Act I closes with Scarpia’s terrifying Va, Tosca! This needs more than just a good bass baritone to pull it off. It requires a real actor. Step forward Stuart Pendred! He is no stranger to this type of role, having for example delivered that of Hagen in Götterdämmerung for Longborough Festival Opera. Threatened virtually face to face with the ferocity of his delivery, the audience could barely tear their eyes away to read the projected translation, nor, in fact, had they any real need to do so. Pendred was able to draw upon his training and previous career in drama to deliver a masterclass in the art of transfixing an audience by generating a compelling display of raw, passionate evil.

So what of the aim to create a company which provides access to opera for a new, wider audience whilst also “featuring the finest soloists available”? Nobody could challenge this first production on that account when you have the likes of Steven Aviss as Cavaradossi, or Andrew Rees in the minor role of Spoletta. The ultimate test on thisoccasion of course was to be the casting of the title role of Floria Tosca. When Lee Bisset turns out for the job you know that something very special is taking place as to how seriously this project is being taken by the opera world.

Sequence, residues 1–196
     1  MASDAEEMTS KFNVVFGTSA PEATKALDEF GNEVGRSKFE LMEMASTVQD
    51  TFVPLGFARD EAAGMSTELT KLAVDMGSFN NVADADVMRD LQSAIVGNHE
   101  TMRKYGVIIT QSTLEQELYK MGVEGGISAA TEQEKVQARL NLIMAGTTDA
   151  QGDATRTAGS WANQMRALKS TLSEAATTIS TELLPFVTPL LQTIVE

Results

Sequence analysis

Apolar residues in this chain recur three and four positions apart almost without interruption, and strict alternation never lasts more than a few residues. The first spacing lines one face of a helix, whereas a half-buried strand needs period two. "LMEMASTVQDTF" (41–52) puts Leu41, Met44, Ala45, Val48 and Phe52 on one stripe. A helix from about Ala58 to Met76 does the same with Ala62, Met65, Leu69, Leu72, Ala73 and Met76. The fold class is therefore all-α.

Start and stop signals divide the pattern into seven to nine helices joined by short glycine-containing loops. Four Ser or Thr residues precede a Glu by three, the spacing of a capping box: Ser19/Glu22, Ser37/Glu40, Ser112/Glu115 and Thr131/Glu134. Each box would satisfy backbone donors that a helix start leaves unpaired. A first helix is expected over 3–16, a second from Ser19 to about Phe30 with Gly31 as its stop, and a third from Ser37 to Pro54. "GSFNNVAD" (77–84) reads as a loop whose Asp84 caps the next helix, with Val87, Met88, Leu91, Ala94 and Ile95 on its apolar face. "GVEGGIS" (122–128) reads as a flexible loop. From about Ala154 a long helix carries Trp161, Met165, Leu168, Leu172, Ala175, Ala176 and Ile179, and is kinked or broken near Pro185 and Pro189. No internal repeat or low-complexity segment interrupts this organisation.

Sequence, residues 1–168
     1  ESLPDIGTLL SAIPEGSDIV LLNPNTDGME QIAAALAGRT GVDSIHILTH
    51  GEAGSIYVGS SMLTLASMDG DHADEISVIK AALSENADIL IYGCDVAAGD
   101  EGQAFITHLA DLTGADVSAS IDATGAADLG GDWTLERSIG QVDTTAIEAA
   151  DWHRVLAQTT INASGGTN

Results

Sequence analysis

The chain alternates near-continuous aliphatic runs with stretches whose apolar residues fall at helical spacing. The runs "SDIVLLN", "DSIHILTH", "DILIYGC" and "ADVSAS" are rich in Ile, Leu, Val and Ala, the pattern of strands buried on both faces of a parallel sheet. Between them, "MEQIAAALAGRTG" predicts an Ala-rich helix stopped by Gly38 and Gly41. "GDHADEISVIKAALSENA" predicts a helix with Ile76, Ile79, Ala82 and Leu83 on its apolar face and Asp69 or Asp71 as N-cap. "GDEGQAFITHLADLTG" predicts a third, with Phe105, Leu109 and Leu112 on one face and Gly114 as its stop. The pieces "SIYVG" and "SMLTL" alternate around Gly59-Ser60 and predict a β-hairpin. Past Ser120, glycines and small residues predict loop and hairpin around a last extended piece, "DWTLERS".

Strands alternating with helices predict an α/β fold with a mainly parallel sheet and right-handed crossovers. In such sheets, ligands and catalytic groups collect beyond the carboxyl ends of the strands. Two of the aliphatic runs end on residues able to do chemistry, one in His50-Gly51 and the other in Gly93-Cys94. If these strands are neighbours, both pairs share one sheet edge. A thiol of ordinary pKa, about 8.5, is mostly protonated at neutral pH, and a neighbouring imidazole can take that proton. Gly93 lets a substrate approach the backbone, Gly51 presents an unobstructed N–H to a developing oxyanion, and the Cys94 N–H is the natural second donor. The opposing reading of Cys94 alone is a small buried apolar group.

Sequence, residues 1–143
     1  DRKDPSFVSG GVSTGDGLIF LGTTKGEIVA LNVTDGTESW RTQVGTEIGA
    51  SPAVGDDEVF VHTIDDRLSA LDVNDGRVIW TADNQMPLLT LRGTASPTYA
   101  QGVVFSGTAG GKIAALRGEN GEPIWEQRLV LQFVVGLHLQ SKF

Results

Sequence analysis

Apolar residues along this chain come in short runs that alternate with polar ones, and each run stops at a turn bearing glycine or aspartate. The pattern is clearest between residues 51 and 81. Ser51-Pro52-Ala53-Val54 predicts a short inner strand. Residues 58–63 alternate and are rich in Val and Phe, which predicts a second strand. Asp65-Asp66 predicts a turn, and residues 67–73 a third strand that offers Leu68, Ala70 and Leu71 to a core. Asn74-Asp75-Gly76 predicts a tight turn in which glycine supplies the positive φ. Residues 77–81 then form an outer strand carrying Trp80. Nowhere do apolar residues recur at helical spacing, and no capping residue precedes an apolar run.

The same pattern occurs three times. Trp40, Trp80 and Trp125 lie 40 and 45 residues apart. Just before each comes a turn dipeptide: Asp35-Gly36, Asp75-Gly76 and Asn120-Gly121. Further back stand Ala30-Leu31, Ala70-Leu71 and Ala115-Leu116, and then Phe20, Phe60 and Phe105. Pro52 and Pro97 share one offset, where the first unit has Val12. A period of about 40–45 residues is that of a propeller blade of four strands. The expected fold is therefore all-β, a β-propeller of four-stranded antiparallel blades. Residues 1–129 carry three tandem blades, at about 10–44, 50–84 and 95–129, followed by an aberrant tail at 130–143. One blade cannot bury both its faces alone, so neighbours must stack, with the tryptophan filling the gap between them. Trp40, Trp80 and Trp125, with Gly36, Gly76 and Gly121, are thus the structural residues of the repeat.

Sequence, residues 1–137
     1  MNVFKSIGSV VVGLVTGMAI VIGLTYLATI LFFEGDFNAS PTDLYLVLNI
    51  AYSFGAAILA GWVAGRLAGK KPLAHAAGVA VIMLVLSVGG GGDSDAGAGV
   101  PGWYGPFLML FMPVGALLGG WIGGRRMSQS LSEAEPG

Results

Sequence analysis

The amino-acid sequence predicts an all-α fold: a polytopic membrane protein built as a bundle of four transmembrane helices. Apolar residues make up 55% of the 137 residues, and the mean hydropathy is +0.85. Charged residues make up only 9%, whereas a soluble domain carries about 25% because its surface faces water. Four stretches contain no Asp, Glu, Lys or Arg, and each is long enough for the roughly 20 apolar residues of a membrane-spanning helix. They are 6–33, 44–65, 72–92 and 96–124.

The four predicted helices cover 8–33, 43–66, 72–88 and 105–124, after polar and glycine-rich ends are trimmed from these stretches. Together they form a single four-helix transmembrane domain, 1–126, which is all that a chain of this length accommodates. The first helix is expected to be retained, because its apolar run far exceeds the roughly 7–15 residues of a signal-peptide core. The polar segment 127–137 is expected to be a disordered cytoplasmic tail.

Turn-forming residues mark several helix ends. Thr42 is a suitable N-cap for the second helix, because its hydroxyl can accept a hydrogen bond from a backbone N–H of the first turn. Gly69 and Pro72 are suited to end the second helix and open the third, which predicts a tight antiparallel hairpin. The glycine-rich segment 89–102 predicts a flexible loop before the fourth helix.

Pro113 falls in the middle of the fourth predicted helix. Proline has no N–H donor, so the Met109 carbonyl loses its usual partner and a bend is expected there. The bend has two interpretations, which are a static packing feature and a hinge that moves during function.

Having studied for several years in Italy, Lee has sung Tosca all over the world and she has become equally well known in all the Wagnerian soprano roles. Her legendary expressive ability made her the perfect choice for presenting this piece to an audience consisting both of those who were fully aware of her status and those receiving their first experience of opera. A common reaction to one of her performances is that Lee doesn’t just act her role; she becomes the character before your very eyes. Again people found themselves abandoning the surtitles: her face alone told you everything you needed to know. Lee never holds back, so a church-sized audience received everything she would deliver in a major opera house. We were privileged to witness such a world-class performance and we can all feel proud to say: “I was there!”

For those in the audience agape with the experience of being hit with the combined effects of Puccini’s music, the excellent orchestral sound under Neil Farrow and with the performances of principals and chorus there was still another surprise. This was the immediacy and relevance of this piece to us today concerning the abuse of power. For Lee Bisset this opera could not be more relevant to real life and singing the role of Tosca is like a dialogue between art and reality.

“Tosca’s experience is so modern and the use of sex to bully a woman just for the pleasure of having power over her has not changed.” Stuart Pendred adds: “given what we have seen recently, the spirit of Scarpia is, sadly, very much alive. As a human being he is utterly loathsome. As a character he is one of the greatest roles you could ever sing as a dramatic baritone.”

And so a new opera company is born with an ethos which is relevant to our times. Already proving itself capable of delivering artistic results which hold up in the world of established opera, it is above all a company whose roots are securely fixed in its local community. As such Oxford Opera can look forward to an exciting future.